London: Quartet Books, 1986. Unpaginated preliminaries (Vargas' introduction runs to seven pages, the afterword to four, and there are plates not designated by number), then 82 fullpage plates in b&w, varieties of sepia, and monochromatic red-orange. First edition 12 x 9.75 inch cloth boards in dj, very faintest shelfwear, jacket has a few nicks and rubbed highlights.
Portraits of young women, alone, in pairs and threes, usually full-length, a few torso & face only. Some are posed (and all are very much "posed") outdoors in bosky wood or freshet-laced dell, or indoors amidst grand furniture and drapery.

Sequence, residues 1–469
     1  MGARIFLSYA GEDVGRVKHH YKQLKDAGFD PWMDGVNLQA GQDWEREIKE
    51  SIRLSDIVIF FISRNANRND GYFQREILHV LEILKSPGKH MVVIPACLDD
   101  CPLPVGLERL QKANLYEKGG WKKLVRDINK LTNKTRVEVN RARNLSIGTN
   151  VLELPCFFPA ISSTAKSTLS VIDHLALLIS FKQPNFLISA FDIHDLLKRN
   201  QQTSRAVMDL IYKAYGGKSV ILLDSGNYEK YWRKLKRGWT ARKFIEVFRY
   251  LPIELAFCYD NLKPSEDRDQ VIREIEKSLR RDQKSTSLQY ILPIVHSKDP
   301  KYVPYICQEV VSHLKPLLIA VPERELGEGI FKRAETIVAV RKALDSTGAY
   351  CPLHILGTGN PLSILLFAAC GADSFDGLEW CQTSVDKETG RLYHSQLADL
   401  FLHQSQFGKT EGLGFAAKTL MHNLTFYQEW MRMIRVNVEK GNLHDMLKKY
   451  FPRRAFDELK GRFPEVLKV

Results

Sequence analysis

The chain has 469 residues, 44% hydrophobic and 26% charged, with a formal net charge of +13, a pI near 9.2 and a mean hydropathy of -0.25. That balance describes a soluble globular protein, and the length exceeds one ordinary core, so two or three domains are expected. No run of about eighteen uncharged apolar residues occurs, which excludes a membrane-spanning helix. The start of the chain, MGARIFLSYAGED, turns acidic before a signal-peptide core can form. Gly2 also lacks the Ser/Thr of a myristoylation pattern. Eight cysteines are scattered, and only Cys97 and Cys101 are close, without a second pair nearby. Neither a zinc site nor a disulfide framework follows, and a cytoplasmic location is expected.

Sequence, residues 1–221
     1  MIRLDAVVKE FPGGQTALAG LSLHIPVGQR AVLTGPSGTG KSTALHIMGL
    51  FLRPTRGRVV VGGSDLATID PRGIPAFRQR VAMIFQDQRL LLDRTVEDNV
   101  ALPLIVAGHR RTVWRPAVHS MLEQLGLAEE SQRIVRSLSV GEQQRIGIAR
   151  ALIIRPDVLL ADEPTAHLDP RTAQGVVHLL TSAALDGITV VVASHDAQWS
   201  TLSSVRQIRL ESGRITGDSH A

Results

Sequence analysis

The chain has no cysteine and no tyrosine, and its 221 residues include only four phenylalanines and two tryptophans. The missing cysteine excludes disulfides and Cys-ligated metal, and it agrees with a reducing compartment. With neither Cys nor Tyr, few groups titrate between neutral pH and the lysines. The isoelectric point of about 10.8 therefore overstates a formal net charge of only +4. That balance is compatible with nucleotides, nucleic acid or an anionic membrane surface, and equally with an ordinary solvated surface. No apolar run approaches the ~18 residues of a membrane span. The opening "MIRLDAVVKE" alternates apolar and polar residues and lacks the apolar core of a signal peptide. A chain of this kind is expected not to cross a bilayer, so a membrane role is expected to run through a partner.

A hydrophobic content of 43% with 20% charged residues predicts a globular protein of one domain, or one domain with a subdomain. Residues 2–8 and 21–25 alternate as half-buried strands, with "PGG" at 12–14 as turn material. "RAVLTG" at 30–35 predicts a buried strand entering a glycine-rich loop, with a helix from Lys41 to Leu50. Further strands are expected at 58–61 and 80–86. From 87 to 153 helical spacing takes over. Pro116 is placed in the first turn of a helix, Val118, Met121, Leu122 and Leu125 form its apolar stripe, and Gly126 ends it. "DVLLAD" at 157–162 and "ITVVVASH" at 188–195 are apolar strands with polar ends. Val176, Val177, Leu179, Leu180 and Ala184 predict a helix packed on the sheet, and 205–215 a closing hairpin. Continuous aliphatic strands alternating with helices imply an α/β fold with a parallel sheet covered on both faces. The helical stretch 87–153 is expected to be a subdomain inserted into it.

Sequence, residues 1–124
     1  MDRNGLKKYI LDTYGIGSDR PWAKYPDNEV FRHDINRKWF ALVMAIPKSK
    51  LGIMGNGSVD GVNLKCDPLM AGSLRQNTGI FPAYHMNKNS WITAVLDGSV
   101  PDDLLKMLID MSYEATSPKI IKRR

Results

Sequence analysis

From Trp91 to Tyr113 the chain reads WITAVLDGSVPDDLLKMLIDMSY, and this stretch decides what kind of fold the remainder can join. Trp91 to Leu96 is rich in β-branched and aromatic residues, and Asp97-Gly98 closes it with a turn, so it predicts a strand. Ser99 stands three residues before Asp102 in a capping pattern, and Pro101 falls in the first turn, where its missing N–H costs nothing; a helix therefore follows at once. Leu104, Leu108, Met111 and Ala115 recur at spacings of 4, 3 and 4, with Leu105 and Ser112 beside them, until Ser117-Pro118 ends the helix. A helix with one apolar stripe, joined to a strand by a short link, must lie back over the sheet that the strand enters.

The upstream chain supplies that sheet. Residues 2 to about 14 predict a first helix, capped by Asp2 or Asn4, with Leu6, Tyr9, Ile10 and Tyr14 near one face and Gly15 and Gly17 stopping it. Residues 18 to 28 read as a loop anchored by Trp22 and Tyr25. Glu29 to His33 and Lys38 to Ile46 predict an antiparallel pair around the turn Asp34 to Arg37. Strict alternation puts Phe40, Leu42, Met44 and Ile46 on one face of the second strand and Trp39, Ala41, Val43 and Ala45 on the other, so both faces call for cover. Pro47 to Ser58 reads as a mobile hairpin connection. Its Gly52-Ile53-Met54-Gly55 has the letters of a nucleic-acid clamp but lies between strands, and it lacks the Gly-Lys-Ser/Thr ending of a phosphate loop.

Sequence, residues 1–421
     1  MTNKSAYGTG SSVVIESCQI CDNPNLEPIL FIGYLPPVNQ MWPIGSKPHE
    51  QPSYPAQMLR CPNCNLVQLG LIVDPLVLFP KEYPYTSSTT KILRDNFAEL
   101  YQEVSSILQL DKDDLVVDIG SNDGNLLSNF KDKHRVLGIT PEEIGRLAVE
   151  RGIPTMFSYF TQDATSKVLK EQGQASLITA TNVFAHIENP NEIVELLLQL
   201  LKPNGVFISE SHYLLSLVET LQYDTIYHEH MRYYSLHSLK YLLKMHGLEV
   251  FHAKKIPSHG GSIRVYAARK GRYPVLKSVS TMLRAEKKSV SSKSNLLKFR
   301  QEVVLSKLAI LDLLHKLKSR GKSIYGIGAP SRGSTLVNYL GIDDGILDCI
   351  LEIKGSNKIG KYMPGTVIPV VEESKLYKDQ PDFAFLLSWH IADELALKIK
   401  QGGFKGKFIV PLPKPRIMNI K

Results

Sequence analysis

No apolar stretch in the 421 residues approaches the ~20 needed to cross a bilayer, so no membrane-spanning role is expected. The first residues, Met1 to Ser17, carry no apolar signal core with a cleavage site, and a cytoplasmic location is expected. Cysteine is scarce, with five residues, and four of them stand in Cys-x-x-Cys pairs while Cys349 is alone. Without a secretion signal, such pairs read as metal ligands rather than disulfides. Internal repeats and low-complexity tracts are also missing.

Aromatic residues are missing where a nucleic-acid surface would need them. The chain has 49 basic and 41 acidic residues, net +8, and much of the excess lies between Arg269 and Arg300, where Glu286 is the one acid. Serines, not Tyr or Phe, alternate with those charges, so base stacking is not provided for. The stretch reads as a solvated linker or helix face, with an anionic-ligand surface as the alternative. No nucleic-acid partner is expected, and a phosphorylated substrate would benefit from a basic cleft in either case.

"Casa de cita" translates literally as meeting-house, but in the usage of the time, as bordello --specifically bordello in the French style. "Unlike the brothels of the lower orders, this was not somewhere [Vargas' English is stilted but clear] designed solely for the purpose of sexual transaction. Rather was it an elegant variation on the gentleman's club, where the nobility could, after dining quietly at home, drop by to meet friends and colleagues over a drink and a cigar.. The men were meanwhile waited on by attractive, elegantly dressed young women, who would sing and play for them, and also provide a little discreet sex for those who desired it." --compiler Vargas rather gets into the spirit of the thing, she goes on in this vein at length, and learnedly. As for the plates themselves, these are from "stereoscopic positives on glass," which reproduce awfully well; the prints are densely inked, detailed, subtle. A few poses suggest lesbian activity, these for male interest.